Electroabsorption modulation spectroscopy

Since the nanoplatelets assembled as oriented films, we fabricated modulators in which the perovskite films were sandwiched between electrodes in such a way that the electric field would be established normal to the plane of the platelets, and that QCSEs could therefore be studied (Fig. 1e). We used transparent top (indium tin oxide coated glass) and reflective bottom (Ag) electrodes. Current-blocking layers of nanolaminate formed via atomic layer deposition and spin-cast poly(methylmethacrylate) with sputtered SiO2 were used to insulate the perovskite from the electrodes. Based on the thicknesses and dielectric properties of the different layers used in these devices, we estimate the electric fields applied to the layered perovskite thin films to be in the range of 50 to 80 kV cm−1 (increasing with decreasing n value) for an applied 5 V peak voltage. This corresponds to internal fields in the quantum wells of 10 to 17 kV cm−1 (Supplementary Table 1).

Electroabsorption (EA) spectroscopy probes electronic changes in materials in response to applied electric fields. We collected room temperature EA spectra for our nanoplatelet samples by measuring field-induced changes in the intensity of monochromatic light reflected by our modulator devices. The changes in measured reflectance relate to changes in absorption to a first-order approximation as:

$$- \frac{{{\mathrm{\Delta }}R}}{R} \cong {\mathrm{\Delta }}A = {\mathrm{\Delta }}\alpha d$$

where R is the reflectance, A is the optical depth, α is the absorption coefficient, and d is the optical path length. The use of a lock-in amplifier referenced to the second harmonic of the modulating bias ensures that the measurements only probe absorption changes associated with the electrical modulation. Spectral features appear as weighted-sums of the zeroth-, first-, and second-derivatives of the optical absorption bands, of which each contribution corresponds respectively to changes in intensity, position, and width of the absorption band. These changes are then interpreted as changes to the transition’s oscillator strength, polarizability, and permanent dipole moment, respectively (see Methods for further details)40. Although a first-derivative line shape is expected to dominate EA spectra of the QCSE, second-derivative contributions can appear from either increased tunneling between wells or from exciton ionization in wells misaligned with the applied field.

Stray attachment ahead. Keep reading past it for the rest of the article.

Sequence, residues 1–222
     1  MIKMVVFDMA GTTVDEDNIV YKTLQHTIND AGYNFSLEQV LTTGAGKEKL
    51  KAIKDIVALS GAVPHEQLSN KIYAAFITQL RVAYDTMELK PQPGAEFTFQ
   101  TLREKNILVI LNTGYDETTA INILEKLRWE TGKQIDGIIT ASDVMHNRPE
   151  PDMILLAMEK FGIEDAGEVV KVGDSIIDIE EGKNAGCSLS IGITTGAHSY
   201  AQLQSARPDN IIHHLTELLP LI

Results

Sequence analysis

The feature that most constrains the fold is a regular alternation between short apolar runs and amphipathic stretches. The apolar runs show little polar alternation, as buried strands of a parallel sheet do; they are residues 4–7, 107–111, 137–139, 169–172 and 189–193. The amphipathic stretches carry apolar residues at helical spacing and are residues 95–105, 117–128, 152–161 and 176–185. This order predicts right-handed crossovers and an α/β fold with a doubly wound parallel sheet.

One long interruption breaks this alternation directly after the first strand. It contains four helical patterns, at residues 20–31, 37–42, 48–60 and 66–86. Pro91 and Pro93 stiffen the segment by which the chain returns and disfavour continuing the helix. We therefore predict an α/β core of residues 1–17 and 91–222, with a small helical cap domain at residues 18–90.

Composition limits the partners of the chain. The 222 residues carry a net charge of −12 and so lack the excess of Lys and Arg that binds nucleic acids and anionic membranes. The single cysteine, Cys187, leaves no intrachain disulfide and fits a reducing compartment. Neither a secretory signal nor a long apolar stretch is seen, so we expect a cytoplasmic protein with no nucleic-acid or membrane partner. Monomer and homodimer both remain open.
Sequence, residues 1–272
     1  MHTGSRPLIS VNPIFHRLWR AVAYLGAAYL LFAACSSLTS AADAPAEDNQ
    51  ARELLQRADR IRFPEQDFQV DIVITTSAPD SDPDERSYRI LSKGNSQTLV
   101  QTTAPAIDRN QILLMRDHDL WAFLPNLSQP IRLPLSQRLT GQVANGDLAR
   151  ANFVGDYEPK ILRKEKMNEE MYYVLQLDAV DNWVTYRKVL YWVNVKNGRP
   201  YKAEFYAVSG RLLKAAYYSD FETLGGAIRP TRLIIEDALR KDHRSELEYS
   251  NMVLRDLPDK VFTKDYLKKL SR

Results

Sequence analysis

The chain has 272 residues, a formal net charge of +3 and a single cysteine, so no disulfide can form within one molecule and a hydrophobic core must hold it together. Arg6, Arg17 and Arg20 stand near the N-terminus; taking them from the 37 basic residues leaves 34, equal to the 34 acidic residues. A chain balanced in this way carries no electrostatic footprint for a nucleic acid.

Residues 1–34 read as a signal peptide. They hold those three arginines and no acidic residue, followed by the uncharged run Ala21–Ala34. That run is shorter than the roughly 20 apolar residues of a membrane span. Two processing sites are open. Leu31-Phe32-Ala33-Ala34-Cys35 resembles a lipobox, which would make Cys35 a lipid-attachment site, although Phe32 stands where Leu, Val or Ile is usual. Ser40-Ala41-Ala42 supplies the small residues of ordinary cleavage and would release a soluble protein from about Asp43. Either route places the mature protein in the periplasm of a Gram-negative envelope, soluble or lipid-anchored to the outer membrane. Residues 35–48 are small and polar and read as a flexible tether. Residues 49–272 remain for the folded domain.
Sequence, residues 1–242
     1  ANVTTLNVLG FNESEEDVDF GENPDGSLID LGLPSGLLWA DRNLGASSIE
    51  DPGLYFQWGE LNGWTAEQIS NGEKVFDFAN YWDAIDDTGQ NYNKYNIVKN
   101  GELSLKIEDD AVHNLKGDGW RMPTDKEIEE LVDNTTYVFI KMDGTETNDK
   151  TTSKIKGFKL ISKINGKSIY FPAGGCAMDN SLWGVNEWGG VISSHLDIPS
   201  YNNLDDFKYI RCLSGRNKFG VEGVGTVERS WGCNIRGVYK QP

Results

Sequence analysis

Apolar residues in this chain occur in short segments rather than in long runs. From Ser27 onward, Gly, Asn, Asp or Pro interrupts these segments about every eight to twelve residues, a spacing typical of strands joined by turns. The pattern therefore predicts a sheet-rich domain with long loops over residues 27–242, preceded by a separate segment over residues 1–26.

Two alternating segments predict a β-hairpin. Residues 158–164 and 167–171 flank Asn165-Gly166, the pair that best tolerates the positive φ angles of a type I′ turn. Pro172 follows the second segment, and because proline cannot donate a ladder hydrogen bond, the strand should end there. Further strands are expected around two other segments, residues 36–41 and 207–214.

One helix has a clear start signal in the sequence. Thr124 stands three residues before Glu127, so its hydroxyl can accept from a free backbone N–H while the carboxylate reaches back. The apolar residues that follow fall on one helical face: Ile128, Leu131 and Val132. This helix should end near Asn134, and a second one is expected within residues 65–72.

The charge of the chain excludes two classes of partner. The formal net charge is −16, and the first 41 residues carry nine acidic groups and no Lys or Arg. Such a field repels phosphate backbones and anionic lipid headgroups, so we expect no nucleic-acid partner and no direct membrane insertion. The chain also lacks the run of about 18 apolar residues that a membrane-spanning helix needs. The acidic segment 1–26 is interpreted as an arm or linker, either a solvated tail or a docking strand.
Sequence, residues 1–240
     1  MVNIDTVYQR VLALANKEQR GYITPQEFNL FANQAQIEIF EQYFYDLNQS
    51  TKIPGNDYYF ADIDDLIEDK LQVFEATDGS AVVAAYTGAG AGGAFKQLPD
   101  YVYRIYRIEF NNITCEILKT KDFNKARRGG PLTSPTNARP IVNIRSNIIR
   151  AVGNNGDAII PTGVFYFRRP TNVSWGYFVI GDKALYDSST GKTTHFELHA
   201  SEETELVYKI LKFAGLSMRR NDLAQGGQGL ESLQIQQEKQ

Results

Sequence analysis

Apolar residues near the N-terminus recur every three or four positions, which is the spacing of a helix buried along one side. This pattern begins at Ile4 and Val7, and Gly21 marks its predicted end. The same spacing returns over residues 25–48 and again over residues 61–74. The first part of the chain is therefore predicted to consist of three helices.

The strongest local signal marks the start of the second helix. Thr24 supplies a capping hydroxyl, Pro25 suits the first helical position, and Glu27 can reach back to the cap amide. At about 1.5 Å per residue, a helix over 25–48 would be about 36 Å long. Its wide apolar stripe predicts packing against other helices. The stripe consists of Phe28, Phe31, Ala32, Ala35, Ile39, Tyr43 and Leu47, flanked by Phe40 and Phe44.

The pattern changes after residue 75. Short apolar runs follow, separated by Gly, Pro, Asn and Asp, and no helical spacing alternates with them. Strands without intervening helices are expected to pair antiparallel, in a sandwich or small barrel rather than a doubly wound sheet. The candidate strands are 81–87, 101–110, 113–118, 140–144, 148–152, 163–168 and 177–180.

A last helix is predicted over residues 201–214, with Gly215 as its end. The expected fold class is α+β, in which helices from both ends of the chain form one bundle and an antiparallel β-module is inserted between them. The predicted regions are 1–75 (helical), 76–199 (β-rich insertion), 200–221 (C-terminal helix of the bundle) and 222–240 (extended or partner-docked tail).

We first used EA spectroscopy to study the influence of well width on the QCSE in the nanoplatelets. Spectra were acquired for nanoplatelets with phases of n = 1 to 4 prepared by controlling the relative amounts of methylammonium cations and hexylammonium ligands used in the colloidal synthesis (Fig. 2). While the n = 1 sample shows no EA response and the n = 2 shows only a weak response, samples with n = 3 and 4 show substantially stronger signatures. A clear correspondence exists between the negative of the first-derivative of the optical absorption spectra and the EA spectra for the n = 3 and 4 samples. Even the minority phase of n = 4 in the n = 3 sample shows this correspondence. The correspondence with the first-derivative spectra is expected and indicates a Stark shift, yet the negative correlation equates to an unusual blue-shifting of the excitonic features.

Fig. 2
figure 2

Well width-dependent electroabsorption. a Optical absorption spectra for perovskite nanoplatelets (methylammonium and hexylammonium organic cations) fit with bound and continuum exciton transitions (see Methods for details). Open circles are experimental data points. The total fit is provided as the solid black line. The target well width increases from left to right, and is labelled above each column. The splitting of the exciton resonance for the n = 1 sample is attributed to previously observed phonon sidebands43,98. b First-derivatives of the excitonic contributions in the optical absorption; correlation with electroabsorption indicates energetic shifts. c Second-derivatives of the excitonic contributions in the optical absorption; correlation with electroabsorption indicates broadening. d Electroabsorption spectra of each sample (open circles). Spectra for n = 2 and n = 4 have been enlarged by the factors given. Blue curves are fits from transfer matrix modelling of changes to the complex dielectric function based on weighted-sums of the zeroth-, first-, and second-derivatives of the excitonic absorption bands (see Methods and Supplementary Figures 38). The weights of the main contributions are indicated in b. Electric field strengths indicate those applied to the nanoplatelet layers